23 Nov 2016 12:29 PM

The media has never been shy when it comes to reporting on the problems professions like teachers, police officers, nurses and fire fighters face when it comes to covering the cost of living in the UK’s cities and in London in particular despite the vital role each plays in our own lives. 

Recent reports however suggest that the property industry’s failure to build affordable homes is now starting to affect British business. There is a growing concern that businesses based in British cities’ are struggling to recruit and retain the staff they will need in order to continue to succeed. 

This worrying trend has been highlighted by the CBI who are now beginning to publicly lobby for a dramatic shift in housebuilding policy

Last summer – and admittedly pre-Brexit - the UK’s government announced it had set itself a target of building 1m new homes by 2020. The CBI however is now warning the government that they are at risk of falling short of this goal, adding that their failure to meet the population’s demands for affordable housing is already hitting British companies’ recruitment drives.  Moreover they are warning that their research suggests the fact more and more employees are forced to come to work via long commutes is now impacting on productivity.

“It’s a problem the impacts of which are seen every day” said Josh Hardie, deputy director-general of the CBI, “from high prices barring people moving home and deterring them from applying or staying in a job, to the dent it puts in productivity.”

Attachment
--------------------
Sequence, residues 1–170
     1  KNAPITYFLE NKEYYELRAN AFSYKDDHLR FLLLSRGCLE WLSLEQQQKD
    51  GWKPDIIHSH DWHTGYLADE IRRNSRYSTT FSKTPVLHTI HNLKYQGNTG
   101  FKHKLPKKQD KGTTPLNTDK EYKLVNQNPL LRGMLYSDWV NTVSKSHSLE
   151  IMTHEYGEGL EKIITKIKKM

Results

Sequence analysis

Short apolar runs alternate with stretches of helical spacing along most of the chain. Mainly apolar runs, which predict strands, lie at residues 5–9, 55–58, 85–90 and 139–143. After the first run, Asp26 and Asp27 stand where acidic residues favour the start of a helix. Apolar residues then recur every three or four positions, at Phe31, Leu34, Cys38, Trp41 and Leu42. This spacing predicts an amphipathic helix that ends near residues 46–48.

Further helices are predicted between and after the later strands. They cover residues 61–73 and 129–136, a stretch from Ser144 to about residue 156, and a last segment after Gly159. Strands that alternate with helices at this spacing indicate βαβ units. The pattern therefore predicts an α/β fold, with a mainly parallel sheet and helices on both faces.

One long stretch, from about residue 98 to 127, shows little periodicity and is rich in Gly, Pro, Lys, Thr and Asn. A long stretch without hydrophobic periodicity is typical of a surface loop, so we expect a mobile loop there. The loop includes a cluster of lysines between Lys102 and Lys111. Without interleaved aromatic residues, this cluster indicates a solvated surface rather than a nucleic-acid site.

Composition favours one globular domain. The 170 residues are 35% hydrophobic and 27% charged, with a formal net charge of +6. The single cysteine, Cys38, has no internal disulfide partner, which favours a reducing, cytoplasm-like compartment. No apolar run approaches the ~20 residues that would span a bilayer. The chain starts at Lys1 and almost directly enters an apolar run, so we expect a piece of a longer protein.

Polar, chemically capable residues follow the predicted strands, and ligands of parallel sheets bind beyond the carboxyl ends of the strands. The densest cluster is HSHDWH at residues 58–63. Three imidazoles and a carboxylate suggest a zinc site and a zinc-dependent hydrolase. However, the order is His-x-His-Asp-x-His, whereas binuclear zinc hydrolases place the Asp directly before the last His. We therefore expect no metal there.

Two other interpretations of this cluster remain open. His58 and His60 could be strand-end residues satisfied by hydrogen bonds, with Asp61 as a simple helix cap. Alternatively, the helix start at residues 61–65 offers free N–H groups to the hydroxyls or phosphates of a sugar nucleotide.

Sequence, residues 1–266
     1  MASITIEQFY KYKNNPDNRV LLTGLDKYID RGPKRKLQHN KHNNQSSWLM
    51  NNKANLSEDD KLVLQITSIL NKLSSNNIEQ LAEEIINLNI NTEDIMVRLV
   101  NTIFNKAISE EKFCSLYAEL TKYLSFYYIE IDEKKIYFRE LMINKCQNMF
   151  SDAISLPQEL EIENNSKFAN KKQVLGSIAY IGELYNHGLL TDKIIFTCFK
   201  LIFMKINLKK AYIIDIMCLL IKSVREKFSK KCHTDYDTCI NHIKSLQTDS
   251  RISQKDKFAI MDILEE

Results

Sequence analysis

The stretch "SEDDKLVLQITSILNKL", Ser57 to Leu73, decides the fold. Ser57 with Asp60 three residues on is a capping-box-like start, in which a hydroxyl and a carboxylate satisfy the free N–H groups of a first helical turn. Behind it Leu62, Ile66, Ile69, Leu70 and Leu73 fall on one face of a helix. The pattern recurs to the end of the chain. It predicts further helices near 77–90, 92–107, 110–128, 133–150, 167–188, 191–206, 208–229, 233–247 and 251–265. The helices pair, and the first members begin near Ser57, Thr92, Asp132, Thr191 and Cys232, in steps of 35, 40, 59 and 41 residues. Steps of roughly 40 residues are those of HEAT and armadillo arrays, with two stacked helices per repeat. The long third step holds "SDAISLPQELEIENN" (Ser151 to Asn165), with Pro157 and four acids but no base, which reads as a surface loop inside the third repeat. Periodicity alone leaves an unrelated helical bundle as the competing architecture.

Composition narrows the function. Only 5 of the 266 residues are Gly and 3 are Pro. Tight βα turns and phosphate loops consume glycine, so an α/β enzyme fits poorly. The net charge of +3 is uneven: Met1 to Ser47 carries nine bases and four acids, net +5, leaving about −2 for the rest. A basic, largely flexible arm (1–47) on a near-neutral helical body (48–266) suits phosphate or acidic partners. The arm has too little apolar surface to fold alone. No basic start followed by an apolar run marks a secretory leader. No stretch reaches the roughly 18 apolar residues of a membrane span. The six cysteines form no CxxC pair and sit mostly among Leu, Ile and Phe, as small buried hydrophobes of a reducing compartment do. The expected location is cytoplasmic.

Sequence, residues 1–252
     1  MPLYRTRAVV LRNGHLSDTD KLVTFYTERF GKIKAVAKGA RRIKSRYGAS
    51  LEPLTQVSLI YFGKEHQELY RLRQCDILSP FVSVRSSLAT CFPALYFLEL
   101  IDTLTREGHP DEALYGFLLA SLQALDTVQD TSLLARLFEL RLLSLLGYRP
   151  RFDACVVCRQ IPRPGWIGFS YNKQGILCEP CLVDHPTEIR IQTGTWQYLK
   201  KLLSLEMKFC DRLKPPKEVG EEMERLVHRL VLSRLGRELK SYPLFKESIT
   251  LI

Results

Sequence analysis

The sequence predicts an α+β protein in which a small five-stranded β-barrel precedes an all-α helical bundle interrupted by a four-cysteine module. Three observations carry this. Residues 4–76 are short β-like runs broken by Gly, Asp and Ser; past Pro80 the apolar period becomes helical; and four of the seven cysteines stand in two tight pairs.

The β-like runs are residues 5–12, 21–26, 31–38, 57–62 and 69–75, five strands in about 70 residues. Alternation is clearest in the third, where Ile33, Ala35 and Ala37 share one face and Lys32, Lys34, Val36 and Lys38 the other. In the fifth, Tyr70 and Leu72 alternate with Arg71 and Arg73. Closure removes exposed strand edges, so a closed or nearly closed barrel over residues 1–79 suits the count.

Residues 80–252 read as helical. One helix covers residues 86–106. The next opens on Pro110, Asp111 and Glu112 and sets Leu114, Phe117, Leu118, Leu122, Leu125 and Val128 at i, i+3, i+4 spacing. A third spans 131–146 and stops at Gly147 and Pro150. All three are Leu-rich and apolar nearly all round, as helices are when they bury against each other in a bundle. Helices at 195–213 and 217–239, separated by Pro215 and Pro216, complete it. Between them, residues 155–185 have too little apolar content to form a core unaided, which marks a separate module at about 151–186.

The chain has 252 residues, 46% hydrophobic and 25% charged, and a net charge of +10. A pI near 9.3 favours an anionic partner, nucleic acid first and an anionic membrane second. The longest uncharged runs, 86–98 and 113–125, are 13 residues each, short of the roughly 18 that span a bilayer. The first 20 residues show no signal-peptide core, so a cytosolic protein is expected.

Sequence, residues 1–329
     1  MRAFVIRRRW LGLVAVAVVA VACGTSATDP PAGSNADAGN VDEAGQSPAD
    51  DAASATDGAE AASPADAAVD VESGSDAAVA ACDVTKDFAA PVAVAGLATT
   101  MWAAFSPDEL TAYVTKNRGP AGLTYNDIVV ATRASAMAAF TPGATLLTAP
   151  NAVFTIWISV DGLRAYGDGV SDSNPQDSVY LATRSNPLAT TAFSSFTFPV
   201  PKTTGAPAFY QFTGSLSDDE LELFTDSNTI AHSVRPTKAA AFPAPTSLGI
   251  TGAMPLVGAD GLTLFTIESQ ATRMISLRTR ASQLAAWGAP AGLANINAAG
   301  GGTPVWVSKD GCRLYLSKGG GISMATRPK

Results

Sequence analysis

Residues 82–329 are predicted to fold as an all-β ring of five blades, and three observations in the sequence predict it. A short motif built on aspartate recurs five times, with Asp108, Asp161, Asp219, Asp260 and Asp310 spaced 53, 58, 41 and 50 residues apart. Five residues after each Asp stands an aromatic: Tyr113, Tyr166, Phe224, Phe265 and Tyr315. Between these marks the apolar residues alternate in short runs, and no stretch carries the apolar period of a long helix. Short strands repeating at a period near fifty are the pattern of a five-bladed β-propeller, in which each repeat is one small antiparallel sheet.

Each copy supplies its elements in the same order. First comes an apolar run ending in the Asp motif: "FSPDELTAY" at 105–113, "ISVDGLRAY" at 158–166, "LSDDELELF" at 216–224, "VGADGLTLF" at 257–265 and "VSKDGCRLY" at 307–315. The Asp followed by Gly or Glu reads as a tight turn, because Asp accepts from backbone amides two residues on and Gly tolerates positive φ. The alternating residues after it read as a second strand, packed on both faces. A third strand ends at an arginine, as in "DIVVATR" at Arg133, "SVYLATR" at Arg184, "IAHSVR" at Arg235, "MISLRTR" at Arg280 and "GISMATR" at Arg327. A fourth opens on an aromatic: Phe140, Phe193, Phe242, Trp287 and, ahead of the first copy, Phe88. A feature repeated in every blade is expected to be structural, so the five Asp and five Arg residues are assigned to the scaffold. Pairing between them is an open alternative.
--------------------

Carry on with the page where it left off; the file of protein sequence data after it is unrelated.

Mr Hardie went onto urge the government that they need to implement “a quiet revolution” in the way that both they and industry “think about, provide and deliver housing if we are to reach the welcome target of one million new homes by 2020.”

The CBI does admit some efforts have been made, for example the recently announced Home Building Fund, but insisted that alternatives to the so-called “one size fits all” approach have to be found.

They have demanded greater flexibility for housing associations and more efforts to explore what types of new housing could be built on the ‘brownfield’ sites that are currently sitting unused within the green belt. The CBI are adamant that a more flexible approach – supported by a government prepared to walk closely with industry – will “enable us to deliver the homes we sorely need, and which will drive productivity, boost growth and increase prosperity in every corner of the country."

The CBI’s comments come hot on the heels of P-2-P lender Saving Stream’s figures showing that short-term loans to back construction are at lower levels than during the last recession. They claim only £67.4bn in short-term loans were issued to developers in 2015 compared to £68.2bn at the height of the recession in 2010/11.  More worrying was their supporting comments that suggest that even when developers are taking advantage of the short-term bridging loans available to fund projects, the banks are taking up to three months to approve their funding, a delay that prompted one of Saving Stream’s directors, Liam Brooke, to say:

“The housing crisis has meant that investors need to secure opportunities for potential projects in a very tight timeframe, as competition can often be intense. There has been an influx of foreign cash buyers looking to invest in the UK property market, and for developers the speed of their investment can often be the make or break.”

Time will tell whether the plans Philip Hammond outlined in his Autumn Statement will ease the housing crisis.